The targeted delivery of AMPA-type glutamate receptors (AMPAR) from intracellular compartments to the postsynaptic membrane is a major cellular mechanism for learning-related synaptic plasticity in the mammalian brain. Yet, little is known about the molecular machinery that ensures the spine- specific transport of AMPARs to the synapse. Prior work in our laboratory has demonstrated that recycling endosomes (REs) within and at the base of spines provide membrane and AMPARs to the synapse when using a protocol for learning known as long term potentiation (LTP). Although it is established that activity- dependent recruitment of REs to dendritic spines is essential for the expression of LTP, the precise location of RE docking for the delivery of receptors and membrane in dendrites remains obscure. Here, we have identified regions of exocytosis in dendritic spines that are positioned adjacent to the postsynaptic density. Further, we describe a putative molecular sensor, the adaptor molecule Rabi 1-FIP2 which aids in the correct membrane positioning of REs for proper spine exocytosis. This proposal will aim to (1) identify the signaling pathways required for Rabi 1-FIP2 spine localization (2) determine if disruption of Rabi 1-FIP2 mediates spine exocytosis and (3) define the functional consequences of Rabi 1-FIP2 disruption on facilitating delivery of AMPA receptors to spine membranes for the expression of LTP. Experiments will use a combination of basic biochemical approaches and live cell imaging in hippocampal neurons to identify the critical signaling pathways and requirement of Rabi 1-FIP2 for spine exocytosis. Further, organotypic hippocampal slices in combination with electrophysiology will be used to test the function of Rabi 1-FIP2 on LTP. Since exocytosis from REs is crucial for the proper deliver of AMPARs to the postsynaptic membrane, we propose that this Rabi 1-FIP2 dependent cellular mechanism is a key element for learning-related synaptic plasticity in the mammalian brain. Public information: The delivery of AMPA receptors (AMPARs) from intracellular compartments known as recycling endosomes to the postsynaptic membrane of synapses is a major cellular mechanism for learning- related synaptic plasticity in the brain. In addition, dysregulation of endosomal function and AMPAR trafficking in dendritic spines contributes to various neurological disorders such as Alzheimer's disease, Down's syndrome, and schizophrenia. This proposal will focus on identifying the molecular machinery that is critical for learning-related synaptic plasticity in the mammalian brain and will provide insight into how disruption of endosomal function leads to neurological disease.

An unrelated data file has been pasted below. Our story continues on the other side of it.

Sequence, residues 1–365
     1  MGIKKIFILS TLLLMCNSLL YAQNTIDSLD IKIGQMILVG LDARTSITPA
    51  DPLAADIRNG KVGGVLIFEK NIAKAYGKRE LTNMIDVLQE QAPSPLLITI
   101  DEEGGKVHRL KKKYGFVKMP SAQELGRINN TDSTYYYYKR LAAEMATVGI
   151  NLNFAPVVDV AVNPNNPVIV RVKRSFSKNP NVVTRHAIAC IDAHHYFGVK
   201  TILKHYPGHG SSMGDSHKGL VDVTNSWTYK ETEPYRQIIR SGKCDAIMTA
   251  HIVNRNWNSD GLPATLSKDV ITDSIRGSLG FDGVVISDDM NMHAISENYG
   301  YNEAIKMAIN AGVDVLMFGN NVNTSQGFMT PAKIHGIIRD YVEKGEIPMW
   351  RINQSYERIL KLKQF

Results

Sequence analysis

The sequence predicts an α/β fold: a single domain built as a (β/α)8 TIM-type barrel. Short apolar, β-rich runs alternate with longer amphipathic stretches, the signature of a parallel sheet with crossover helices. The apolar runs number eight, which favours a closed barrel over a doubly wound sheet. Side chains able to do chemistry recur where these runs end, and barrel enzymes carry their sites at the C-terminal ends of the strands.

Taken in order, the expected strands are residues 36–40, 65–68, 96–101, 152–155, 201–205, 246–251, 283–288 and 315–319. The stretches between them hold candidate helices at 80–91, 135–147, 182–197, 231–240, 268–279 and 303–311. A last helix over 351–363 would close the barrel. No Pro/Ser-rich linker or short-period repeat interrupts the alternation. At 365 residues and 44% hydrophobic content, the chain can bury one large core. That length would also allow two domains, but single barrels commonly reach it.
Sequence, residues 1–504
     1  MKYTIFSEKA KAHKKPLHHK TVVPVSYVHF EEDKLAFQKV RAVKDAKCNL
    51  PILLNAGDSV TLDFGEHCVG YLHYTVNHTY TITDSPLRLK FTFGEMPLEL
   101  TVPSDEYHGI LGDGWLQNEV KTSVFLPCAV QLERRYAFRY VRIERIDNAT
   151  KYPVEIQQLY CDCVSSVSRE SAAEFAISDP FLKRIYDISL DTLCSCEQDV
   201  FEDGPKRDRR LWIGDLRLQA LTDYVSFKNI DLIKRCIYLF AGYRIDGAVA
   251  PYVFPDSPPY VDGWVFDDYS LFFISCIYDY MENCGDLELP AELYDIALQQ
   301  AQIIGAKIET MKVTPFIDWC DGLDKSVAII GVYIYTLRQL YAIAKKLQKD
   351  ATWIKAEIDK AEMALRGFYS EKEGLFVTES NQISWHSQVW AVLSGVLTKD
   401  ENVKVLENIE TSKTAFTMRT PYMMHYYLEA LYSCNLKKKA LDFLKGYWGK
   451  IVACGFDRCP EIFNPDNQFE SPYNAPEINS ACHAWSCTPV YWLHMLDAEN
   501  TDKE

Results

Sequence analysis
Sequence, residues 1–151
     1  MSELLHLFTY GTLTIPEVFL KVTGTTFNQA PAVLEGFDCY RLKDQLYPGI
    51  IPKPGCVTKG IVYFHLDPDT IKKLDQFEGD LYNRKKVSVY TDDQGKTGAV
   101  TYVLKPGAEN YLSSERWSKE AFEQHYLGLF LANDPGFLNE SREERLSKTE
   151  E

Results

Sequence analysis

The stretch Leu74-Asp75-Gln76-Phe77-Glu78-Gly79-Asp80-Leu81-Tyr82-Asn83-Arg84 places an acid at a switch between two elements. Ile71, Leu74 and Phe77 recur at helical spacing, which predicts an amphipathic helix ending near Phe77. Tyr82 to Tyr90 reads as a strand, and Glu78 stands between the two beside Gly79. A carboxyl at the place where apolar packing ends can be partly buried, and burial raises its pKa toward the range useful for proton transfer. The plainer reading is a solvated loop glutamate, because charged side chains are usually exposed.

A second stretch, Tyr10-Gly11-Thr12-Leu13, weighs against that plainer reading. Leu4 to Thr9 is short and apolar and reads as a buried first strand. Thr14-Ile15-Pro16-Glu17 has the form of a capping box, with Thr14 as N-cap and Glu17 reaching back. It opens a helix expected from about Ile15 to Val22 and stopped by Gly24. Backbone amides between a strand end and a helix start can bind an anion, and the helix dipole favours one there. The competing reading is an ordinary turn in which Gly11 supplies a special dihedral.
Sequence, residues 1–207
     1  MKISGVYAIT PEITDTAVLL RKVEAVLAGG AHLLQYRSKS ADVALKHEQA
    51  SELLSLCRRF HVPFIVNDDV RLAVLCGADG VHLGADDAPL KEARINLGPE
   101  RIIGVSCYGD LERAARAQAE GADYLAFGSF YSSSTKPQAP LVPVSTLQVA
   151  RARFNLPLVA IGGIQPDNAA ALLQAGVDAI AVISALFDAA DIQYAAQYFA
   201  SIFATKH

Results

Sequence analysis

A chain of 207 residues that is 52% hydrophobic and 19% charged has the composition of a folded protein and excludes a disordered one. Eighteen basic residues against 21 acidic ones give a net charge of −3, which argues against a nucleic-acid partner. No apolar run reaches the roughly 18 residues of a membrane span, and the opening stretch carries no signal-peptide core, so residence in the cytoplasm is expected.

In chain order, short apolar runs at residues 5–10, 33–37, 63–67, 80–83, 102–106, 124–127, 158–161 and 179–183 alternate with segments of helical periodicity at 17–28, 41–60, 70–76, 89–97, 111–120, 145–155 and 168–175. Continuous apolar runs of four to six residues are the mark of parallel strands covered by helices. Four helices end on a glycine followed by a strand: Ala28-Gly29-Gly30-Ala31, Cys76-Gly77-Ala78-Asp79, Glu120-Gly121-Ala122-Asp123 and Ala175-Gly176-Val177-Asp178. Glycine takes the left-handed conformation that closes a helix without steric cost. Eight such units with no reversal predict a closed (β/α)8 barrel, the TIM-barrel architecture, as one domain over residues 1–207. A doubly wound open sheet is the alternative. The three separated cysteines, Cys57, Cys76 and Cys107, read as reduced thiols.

Agency
National Institute of Health (NIH)
Institute
National Institute of Neurological Disorders and Stroke (NINDS)
Type
Postdoctoral Individual National Research Service Award (F32)
Project #
1F32NS067712-01
Application #
7805177
Study Section
Special Emphasis Panel (ZRG1-F03A-F (20))
Program Officer
Talley, Edmund M
Project Start
2010-07-01
Project End
2011-01-31
Budget Start
2010-07-01
Budget End
2011-01-31
Support Year
1
Fiscal Year
2010
Total Cost
$29,232
Indirect Cost
Name
Duke University
Department
Internal Medicine/Medicine
Type
Schools of Medicine
DUNS #
044387793
City
Durham
State
NC
Country
United States
Zip Code
27705
Mabb, Angela M; Je, H Shawn; Wall, Mark J et al. (2014) Triad3A regulates synaptic strength by ubiquitination of Arc. Neuron 82:1299-316
Huang, Hsien-Sung; Allen, John A; Mabb, Angela M et al. (2011) Topoisomerase inhibitors unsilence the dormant allele of Ube3a in neurons. Nature 481:185-9
Mabb, Angela M; Judson, Matthew C; Zylka, Mark J et al. (2011) Angelman syndrome: insights into genomic imprinting and neurodevelopmental phenotypes. Trends Neurosci 34:293-303
Mabb, Angela M; Ehlers, Michael D (2010) Ubiquitination in postsynaptic function and plasticity. Annu Rev Cell Dev Biol 26:179-210